Yusuhara Town Guide With Architect Kengo Kuma | CoolJapan

As a child, the architect Kengo Kuma visited the Yoyogi National Gymnasium with his father. The building’s parabolic roof formed an aperture from which light streamed indoors, and the young Kuma watched the shafts of light strike the water of the gymnasium’s pool. The light formed a shimmering pattern, and that experience of his visit left a lifelong impression on the young student. That day, Kengo Kuma decided that he wanted to be an architect.

A photo of architect Kengo Kuma

Kengo Kuma at Strelka Institute. (Photo from: Strelka Institute for Media, Architecture and Design, CC BY 2.0)

Kuma still speaks of that formative experience, and it is certain that the architect's ethos of moving away from concrete and closer to nature has its roots in that visit, and so, it is no accident that his series of work resides far from the major cities, in the quiet suburban town of Yusuhara, with its lush mountainsides full of cedar trees.

Kuma’s relationship with the town is long-standing, beginning in the 80s when he visited in support of the preservation of Yusuhara-za, a performance theatre slated for deconstruction. Ever since, he’s taken up projects in the town, starting in the 90s and continuing through the millennium, and all of his buildings there have a holistic approach to architecture and a vast appreciation of nature. One can look out the windows of these buildings and see the countryside, and in the case of Kumo-no-Ue Hotel, the cloud-themed hotel, the view the stars at night in the semicircle pond.

The trees themselves aren't just the backdrop to the buildings. Local timber is utilised heavily in their designs, both in the interior and exterior. In the town office, a wooden pavilion stands in the centre of the lobby. In Machi-no-Eki Yusuhara, the community market’s interior space, cedar pillars create the sense of an indoor forest, and in Yusuhara Town library, jutting pillars of cedar cross each other to give the interior’s ceiling an organic, aggressive design.

Interior of Yusuhara Town Library

Interior of Yusuhara Town Library. (Photo from: Kochi Visitors & Convention Association)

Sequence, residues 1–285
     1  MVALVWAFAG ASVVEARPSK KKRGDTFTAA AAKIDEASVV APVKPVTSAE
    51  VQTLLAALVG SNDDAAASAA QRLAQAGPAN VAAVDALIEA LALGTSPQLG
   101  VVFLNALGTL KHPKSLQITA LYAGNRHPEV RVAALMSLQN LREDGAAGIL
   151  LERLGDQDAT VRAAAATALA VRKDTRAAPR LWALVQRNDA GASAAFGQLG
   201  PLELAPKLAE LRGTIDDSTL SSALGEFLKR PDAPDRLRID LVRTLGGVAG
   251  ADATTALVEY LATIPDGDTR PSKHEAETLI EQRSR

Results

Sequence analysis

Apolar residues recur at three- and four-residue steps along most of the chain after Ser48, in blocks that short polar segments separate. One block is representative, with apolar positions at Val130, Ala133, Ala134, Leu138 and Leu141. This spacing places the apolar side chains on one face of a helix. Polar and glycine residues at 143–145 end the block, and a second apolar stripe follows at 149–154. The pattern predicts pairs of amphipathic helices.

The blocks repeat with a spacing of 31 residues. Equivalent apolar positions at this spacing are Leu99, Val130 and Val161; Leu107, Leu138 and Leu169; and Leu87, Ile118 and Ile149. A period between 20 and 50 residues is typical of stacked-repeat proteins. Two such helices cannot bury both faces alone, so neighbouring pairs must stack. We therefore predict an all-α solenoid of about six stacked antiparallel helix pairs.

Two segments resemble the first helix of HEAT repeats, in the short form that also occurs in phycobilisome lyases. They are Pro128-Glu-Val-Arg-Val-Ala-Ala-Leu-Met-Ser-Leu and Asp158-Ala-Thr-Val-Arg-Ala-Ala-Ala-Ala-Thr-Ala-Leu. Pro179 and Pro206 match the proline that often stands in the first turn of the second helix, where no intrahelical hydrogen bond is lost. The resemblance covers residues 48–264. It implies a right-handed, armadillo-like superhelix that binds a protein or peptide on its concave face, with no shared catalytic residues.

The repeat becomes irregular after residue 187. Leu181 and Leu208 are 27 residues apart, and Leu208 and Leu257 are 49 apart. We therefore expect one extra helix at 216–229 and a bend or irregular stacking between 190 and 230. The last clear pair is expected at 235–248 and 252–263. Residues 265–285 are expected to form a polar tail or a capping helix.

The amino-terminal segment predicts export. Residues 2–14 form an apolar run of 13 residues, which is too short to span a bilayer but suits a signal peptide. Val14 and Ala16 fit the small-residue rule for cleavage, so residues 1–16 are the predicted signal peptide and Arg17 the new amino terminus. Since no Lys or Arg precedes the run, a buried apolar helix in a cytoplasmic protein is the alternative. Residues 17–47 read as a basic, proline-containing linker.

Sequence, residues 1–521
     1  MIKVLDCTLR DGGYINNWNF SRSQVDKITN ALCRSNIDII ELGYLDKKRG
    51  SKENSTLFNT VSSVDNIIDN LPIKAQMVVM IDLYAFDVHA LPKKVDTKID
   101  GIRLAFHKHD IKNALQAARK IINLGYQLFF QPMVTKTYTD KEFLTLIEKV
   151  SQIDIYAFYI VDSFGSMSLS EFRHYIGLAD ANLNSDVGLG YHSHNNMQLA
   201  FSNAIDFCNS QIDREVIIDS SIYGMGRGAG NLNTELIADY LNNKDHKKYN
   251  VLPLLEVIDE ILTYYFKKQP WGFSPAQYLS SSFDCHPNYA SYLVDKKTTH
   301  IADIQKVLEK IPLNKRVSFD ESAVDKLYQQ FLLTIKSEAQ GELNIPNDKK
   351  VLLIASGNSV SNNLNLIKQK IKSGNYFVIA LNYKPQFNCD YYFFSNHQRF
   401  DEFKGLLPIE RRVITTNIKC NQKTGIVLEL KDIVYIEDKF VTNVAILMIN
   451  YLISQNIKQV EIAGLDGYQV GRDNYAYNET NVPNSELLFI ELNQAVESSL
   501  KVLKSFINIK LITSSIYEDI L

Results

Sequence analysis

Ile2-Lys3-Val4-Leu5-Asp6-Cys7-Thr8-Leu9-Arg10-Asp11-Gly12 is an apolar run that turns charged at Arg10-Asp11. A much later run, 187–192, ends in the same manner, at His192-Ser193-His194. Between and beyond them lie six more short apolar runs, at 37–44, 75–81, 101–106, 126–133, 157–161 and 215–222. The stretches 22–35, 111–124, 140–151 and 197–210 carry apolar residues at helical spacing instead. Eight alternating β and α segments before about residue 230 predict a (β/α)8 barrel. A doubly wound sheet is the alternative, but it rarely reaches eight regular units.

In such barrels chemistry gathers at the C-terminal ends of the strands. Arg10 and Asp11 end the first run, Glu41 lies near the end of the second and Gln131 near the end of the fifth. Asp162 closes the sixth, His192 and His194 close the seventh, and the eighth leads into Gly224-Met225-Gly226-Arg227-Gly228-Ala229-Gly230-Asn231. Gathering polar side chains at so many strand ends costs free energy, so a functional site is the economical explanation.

In two of the buildings, there are motifs rooted in tradition. The façade of the community market and hotel uses thatch, reminiscent of the roof structure of Minka houses, and Kumo-no-Ue-no-Gallery, the wooden bridge art gallery, which resembles the shape of a tree, made up of a beam supporting the structure’s interlocking pattern of eaves, both in the exterior and interior, feel both traditional and rare- traditional in the defining techniques of construction in temples everywhere in Japan, rare in the sense that the building’s interior represents the ethos of its exterior, where the simple pattern of eaves continue right onto the ceiling of the building.

It is clear that Kengo takes inspirations from everyday objects, both in nature and in construction. The cloud-themed hotel takes inspiration from airships and aeroplanes, with a roof shaped like an aeroplane wing, and large port windows that represent an airship.

Beyond appearances, these buildings ultimately serve the community of Yusuhara. Far from the rapid, dizzying pace of life in a modern city, what Kengo Kuma understands about these buildings is that they should bring people together and that what a building stands for is just as important as how it looks.

This is demonstrated most deeply in the integrated welfare facility, Yururi Yusuhara, a building with a façade of thin strips of cedar, with large square windows that create a warm interior look and which serves the elderly as a nursing home. What Kuma understands is that people are ultimately as much a part of history as the mountains and the trees, and architecture, in its communal aspects, can serve the spirit of bringing people together in a place that they want to be comfortable in.

Wooden Bridge Gallery model displayed at Kengo Kuma Museum

An architectural model of Wooden Bridge Gallery, Kengo Kuma Museum. (Photo from: Kochi Visitors & Convention Association)

This approach can be seen in the other buildings, like the town library, which would be an obvious draw for those with quiet interests such as reading, but also includes a diorama of the town’s history as well as a bouldering wall for the more active-minded. 

The subject of community brings in question the state of the future of architecture, and its uneasy relation to our current pandemic-oriented world. For Kengo Kuma, this question is a personal one — with the Olympics on hold, the debut of his National Stadium is one that has to wait for better days. But in Yusuhara, where life goes on, as it does, it is certain that a future collaboration is on the horizon.

For more information on Kengo Kuma's projects in Yusuhara, follow the link here.

(Cover photo from: Kochi Visitors & Convention Association)

Andrew Yuen writes stories on a variety of topics such as theatre, travel and mental health. He has an interest in examining culture, art and society. In addition, he writes short stories and enjoys reading in his free time.
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